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COMMUNITY RESEARCH The effect of dairy management and processing on quality characteristics of milk & dairy products Gillian Butler 1, Mette K. Larson.

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Presentation on theme: "COMMUNITY RESEARCH The effect of dairy management and processing on quality characteristics of milk & dairy products Gillian Butler 1, Mette K. Larson."— Presentation transcript:

1 COMMUNITY RESEARCH The effect of dairy management and processing on quality characteristics of milk & dairy products Gillian Butler 1, Mette K. Larson 2, Britta Rehberger 3 and Jacob H. Neilsen 2 1 Nafferton Ecological Farming Group, Newcastle University, UK 2 Department of Food Science, Aarhus University, Denmark 3 Research Station Agroscope Leibefeld- Posieux, Switzerland NEFG

2 COMMUNITY RESEARCH Plan; work carried out under QLIF 1.Explaining milk quality characteristics 2.Pan European study considering dairy management and milk quality; Denmark, Sweden, Italy and UK 3.Feeding trial to improve winter milk (UK) 4.Processing and stability of ‘enriched’ milk (Switzerland) 5.Influence of management on detailed CLA profile (UK)

3 COMMUNITY RESEARCH 1) Milk composition  Milk is recognised to be a valuable sources of 1.protein 2.minerals (especially Calcium) 3.and vitamins.... fat  but also contains fat and for years milk fat (butter & cream) was considered to be nutritionally undesirable (SFA)  High levels of saturated fats (SFA) increase; 1.blood LDL (bad) cholesterol levels 2.risk of heart disease

4 COMMUNITY RESEARCH Unsaturated fatty acids in milk unsaturated MUFAPUFA  Milk fat also contains 25-40% unsaturated fats; monounsaturated (MUFA) and polyunsaturated (PUFA)  Some have positive effect on health (more later)  The balance of ‘good’ & ‘bad’ fats in milk largely depends on dairy diets  PUFA supply  hydrogenation in rumen  subsequent desaturation in udder  Fresh forage (grazing) diets produce milk with higher levels of unsaturated fatty acids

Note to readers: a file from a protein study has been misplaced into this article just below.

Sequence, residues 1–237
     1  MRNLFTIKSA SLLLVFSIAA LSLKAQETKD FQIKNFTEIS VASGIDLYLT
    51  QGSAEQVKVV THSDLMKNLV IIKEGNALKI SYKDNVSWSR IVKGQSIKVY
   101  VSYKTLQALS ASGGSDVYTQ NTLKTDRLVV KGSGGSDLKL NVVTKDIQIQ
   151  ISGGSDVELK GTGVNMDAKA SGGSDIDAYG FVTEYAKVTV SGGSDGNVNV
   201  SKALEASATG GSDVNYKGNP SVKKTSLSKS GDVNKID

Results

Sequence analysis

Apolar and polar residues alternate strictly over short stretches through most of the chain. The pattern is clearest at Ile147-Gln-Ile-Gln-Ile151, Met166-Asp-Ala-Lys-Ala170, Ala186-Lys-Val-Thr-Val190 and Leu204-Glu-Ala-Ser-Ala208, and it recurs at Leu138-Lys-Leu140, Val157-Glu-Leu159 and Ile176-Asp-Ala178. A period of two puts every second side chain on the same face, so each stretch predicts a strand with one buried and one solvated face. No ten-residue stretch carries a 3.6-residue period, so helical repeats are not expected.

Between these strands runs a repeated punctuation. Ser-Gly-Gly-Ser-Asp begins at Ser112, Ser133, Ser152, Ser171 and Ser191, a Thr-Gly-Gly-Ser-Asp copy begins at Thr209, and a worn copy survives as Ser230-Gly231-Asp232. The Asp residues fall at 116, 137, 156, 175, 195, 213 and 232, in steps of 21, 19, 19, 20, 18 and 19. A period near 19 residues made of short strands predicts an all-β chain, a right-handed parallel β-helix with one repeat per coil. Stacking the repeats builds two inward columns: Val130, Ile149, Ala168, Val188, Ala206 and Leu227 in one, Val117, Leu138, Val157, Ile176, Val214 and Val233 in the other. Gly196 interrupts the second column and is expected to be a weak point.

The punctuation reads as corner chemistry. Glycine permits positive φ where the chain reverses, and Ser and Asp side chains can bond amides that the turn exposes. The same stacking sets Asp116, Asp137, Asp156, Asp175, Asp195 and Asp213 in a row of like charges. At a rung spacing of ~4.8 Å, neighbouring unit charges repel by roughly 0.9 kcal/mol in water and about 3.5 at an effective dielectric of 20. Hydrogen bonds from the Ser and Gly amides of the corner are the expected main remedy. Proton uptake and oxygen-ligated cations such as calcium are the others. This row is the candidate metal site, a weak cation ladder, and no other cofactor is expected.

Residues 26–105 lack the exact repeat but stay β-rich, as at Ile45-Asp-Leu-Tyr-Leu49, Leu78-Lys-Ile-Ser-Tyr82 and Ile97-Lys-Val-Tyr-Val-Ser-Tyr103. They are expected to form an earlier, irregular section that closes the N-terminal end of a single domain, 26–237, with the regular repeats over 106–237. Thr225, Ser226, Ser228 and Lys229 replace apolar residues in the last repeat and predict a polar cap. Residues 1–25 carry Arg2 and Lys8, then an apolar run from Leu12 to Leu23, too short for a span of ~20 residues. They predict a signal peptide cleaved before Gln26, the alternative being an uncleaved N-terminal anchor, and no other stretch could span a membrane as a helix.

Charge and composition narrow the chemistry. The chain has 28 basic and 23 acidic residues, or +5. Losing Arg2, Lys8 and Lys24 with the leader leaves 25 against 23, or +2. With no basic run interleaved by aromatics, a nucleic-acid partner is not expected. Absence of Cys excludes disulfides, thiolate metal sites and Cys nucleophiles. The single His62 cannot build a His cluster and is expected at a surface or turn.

5 COMMUNITY RESEARCH Nutritionally desirable PUFA  Classed as omega 3 or omega 6  Omega 3 greater benefit  essential for brain/nerve development  heart/cardiovascular diseases αLA  α linolenic acid (αLA) main n-3 in milk Image from: CLA  Conjugated linoleic acid (CLA)  Reducing cancer risk  Preventing heart disease  Improving immune function Image from:

6 COMMUNITY RESEARCH Antioxidants  Milk also source of fat soluble vitamins & antioxidants  Vitamin E butter higher than most fruit and vegetables  Vitamin E in butter higher than most fruit and vegetables  Carotenoid of butter higher than many fruits  Carotenoid content of butter higher than many fruits  3 important functions  protection against cell damage; cancer & heart disease in humans  Improve health of dairy cows (reduced mastitis and improved fertility)  Prolong shelf life of unsaturated fats

7 COMMUNITY RESEARCH 2) Farm survey - outline  Carried out in; Italy, Denmark, Sweden and UK  Clusters of 5 farms per management system  5 systems compared in each country, including 2 organic or low input (1/4 in Sweden)  Bulk milk samples and management information collected throughout the year  Fatty acid & fat soluble antioxidant profiles determined